FILTH

That’s [ALSO] an acronym.

But, it’s missing a ‘K’, and if we are curious about whether revolutions are possible, we could try Hong Kong, wherever it might be that we have previously failed:

Hong Kongers marched again on Sunday, chanting “five demands, not one less” as the city’s anti-government protests approached their six-month milestone.

Demonstrators have been locked in a stalemate with the local government since early June amid protests initially sparked by a bill that would have enabled extradition to mainland China. On June 9, a million people marched through the financial center to demonstrate their opposition. Approximately 2 million people marched in protest a week later.

While Hong Kong leader Carrie Lam has since retracted the bill, fulfilling one of the five demands, critics regarded the move as too little, too late. Social unrest in the city has since taken on broader anti-government sentiment as protesters push for greater democracy in Hong Kong.

Government opposition was fueled by anger with police conduct as well as how Lam’s administration dealt with the protests, Ma Ngok, associate professor in the department of government and public administration at the Chinese University of Hong Kong, told CNBC.

“The government hasn’t actually responded, so a lot of people think they just cannot give up on the protest” Ma said.

Despite efforts to crush defuse the protests, they are showing no signs of abating – whether they might be abetted in another question. But the strange power of democracy carried over into the recent elections, where pro-democracy candidates won unambiguously as a almost three million voters rejected pro-establishment candidates.

No one seems to have told protestors that their tactics are not working.

Image via Adbusters.

The Real Eschew

Given the vicissitudes of the news cycle over the last four months, this is a pretty solid distribution of issues over the last four debates. As long as Health Care stays in the top three or four, voters might be able to stay focused on the ridiculous costs of living, and even of dying, quite frankly.

And Democrats can actually do several things at once, as long as one of those things is holding criminals accountable for crimes.

Bonus Fun Fact: subpoena means “Under Penalty.”

Tenther limits

Apparently, the 10th Amendment Sovereignty Movement is all well and good until it begins to effect air pollution requirements:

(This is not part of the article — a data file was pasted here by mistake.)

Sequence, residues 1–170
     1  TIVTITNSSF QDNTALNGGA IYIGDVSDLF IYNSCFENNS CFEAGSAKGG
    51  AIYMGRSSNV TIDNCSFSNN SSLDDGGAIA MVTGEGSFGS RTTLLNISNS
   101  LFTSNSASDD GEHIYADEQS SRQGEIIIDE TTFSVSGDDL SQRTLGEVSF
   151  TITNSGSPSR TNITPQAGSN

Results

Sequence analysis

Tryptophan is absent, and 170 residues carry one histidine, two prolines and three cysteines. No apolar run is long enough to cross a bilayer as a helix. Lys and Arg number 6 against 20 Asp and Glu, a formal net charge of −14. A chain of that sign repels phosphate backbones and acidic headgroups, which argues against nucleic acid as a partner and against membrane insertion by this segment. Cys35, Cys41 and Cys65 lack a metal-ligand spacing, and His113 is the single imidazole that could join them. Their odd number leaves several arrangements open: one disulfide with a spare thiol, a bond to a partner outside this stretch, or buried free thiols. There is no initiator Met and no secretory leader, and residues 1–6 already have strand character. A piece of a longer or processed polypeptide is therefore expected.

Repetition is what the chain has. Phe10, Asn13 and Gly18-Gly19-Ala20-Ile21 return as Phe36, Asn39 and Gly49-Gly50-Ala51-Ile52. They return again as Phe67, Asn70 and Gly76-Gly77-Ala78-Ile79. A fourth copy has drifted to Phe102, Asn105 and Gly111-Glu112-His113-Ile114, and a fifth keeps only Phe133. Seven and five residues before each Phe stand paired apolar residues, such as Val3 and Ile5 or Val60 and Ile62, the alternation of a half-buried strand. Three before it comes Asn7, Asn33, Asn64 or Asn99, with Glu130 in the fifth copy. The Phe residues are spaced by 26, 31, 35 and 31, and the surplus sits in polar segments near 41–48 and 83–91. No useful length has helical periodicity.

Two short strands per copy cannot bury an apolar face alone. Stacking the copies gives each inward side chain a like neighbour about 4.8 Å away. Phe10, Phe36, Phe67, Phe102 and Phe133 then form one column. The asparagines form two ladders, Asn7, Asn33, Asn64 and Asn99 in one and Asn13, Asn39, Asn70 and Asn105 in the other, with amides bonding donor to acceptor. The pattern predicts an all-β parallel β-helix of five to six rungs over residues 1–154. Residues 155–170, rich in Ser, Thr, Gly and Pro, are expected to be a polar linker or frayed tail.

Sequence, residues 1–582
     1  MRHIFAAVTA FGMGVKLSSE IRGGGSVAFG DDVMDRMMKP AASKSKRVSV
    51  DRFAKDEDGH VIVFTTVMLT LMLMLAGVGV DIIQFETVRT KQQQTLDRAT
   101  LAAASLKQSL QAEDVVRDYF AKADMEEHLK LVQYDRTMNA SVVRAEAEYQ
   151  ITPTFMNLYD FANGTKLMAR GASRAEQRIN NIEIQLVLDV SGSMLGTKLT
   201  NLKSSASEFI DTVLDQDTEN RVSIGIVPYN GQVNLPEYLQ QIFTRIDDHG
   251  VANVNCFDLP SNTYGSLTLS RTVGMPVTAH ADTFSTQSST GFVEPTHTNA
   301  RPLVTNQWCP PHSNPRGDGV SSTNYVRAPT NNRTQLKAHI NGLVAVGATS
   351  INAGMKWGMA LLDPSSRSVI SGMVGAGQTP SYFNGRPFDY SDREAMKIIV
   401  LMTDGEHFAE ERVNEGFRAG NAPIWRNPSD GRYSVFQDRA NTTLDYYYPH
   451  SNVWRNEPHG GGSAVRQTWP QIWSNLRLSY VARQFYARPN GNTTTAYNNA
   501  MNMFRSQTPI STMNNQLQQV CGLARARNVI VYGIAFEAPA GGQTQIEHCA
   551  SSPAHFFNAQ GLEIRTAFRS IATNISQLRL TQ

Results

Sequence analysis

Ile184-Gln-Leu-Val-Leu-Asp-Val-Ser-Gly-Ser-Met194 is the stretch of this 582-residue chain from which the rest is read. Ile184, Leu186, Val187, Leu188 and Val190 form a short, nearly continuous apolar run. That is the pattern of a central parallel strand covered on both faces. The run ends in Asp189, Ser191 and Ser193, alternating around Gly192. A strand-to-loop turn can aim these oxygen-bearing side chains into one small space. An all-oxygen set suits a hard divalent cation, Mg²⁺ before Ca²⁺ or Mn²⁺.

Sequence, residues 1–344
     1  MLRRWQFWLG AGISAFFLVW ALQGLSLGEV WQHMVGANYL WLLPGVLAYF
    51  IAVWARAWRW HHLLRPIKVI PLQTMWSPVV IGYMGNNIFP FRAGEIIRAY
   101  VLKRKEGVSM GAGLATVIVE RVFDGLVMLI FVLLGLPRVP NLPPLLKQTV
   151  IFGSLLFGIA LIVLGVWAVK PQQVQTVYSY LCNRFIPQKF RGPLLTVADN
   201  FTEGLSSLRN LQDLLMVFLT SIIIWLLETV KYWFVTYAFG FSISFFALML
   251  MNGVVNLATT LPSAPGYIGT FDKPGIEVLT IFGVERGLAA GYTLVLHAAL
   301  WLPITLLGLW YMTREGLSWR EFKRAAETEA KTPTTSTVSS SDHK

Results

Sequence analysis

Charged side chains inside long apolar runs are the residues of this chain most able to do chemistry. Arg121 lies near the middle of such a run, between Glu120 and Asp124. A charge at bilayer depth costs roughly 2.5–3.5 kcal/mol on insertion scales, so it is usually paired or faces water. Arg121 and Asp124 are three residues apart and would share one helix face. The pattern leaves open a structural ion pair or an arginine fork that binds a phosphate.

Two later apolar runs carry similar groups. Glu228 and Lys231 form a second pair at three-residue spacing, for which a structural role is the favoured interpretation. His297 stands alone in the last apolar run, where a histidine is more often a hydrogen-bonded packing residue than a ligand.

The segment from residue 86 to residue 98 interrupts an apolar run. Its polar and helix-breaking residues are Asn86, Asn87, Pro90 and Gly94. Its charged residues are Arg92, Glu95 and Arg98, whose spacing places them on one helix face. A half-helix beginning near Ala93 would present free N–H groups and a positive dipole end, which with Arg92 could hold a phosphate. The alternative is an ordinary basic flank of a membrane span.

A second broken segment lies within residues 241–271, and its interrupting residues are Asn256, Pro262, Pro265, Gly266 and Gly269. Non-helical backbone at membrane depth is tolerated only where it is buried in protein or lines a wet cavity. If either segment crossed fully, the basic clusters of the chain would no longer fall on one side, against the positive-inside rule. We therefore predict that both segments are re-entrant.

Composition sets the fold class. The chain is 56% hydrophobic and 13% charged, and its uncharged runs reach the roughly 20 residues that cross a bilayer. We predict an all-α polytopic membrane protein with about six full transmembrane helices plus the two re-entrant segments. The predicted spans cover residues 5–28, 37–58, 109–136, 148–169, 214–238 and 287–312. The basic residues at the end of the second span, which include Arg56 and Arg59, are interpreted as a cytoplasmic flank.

Because of California’s historical air pollution problems, the federal Clean Air Act gives California the right to establish stricter guidelines than the federal government — so long as it gets a waiver from the EPA. The Obama administration granted the state such a waiver on greenhouse gas emissions from cars, although the state and federal governments wound up agreeing on a joint plan to reduce carbon emissions by about 30 percent by 2025.

Almost from the day he took office, though, Trump has vowed to roll back the Obama standards, and laid plans to revoke California’s waiver.

That prompted California in July to engineer a major coup: Ford, Honda, BMW and Volkswagen cut a deal with Newsom and the California Air Resources Board to reduce carbon emissions at a far swifter rate than the Trump administration wants. The deal represents a compromise on the original Obama standards by giving the automakers an extra year, until 2026, to meet the climate change targets.

Newsom later announced that Mercedes Benz is on the verge of agreeing to the same standards as the other four companies.

The announcement reportedly infuriated Trump. Earlier this month, lawyers for the EPA and the federal Department of Transportation sent a letter to Air Resources Board Chairwoman Mary Nichols, saying the deal with the automakers appears to be “unlawful and invalid.” Separately, numerous media reported that the U.S. Justice Department had launched an antitrust investigation into the four carmakers’ participation in the deal.

Let’s make sure to stipulate just what we’re talking about here – the ability of the nation’s largest state to reduce carbon emissions. Civil right, gun control, healthcare, and voting standards must all be subservient to the wishes of purity-driven state governments.

Reducing carbon emissions and protecting people, the environment, companies and the Clean Air Act itself is a bridge too far.

Akrasia for you

The merest coincidence with the Labor Day interruption, but a turn to British politics, courtesy of the great Fintan O’Toole. He lays bare a striking (sorry – this is not the time!) aspect of Brexit and especially the loathsome Boris Johnson, as smarter than he is playing – but for the sake of, well, you will believe it:

[T]his raises the two central questions about Johnson—does he believe any of his own claims, and do his followers in turn believe him? In both cases, the answer is yes, but only in the highly qualified way that an actor inhabits his role and an audience knowingly accepts the pretense. Johnson’s appeal lies precisely in the creation of a comic persona that evades the distinction between reality and performance.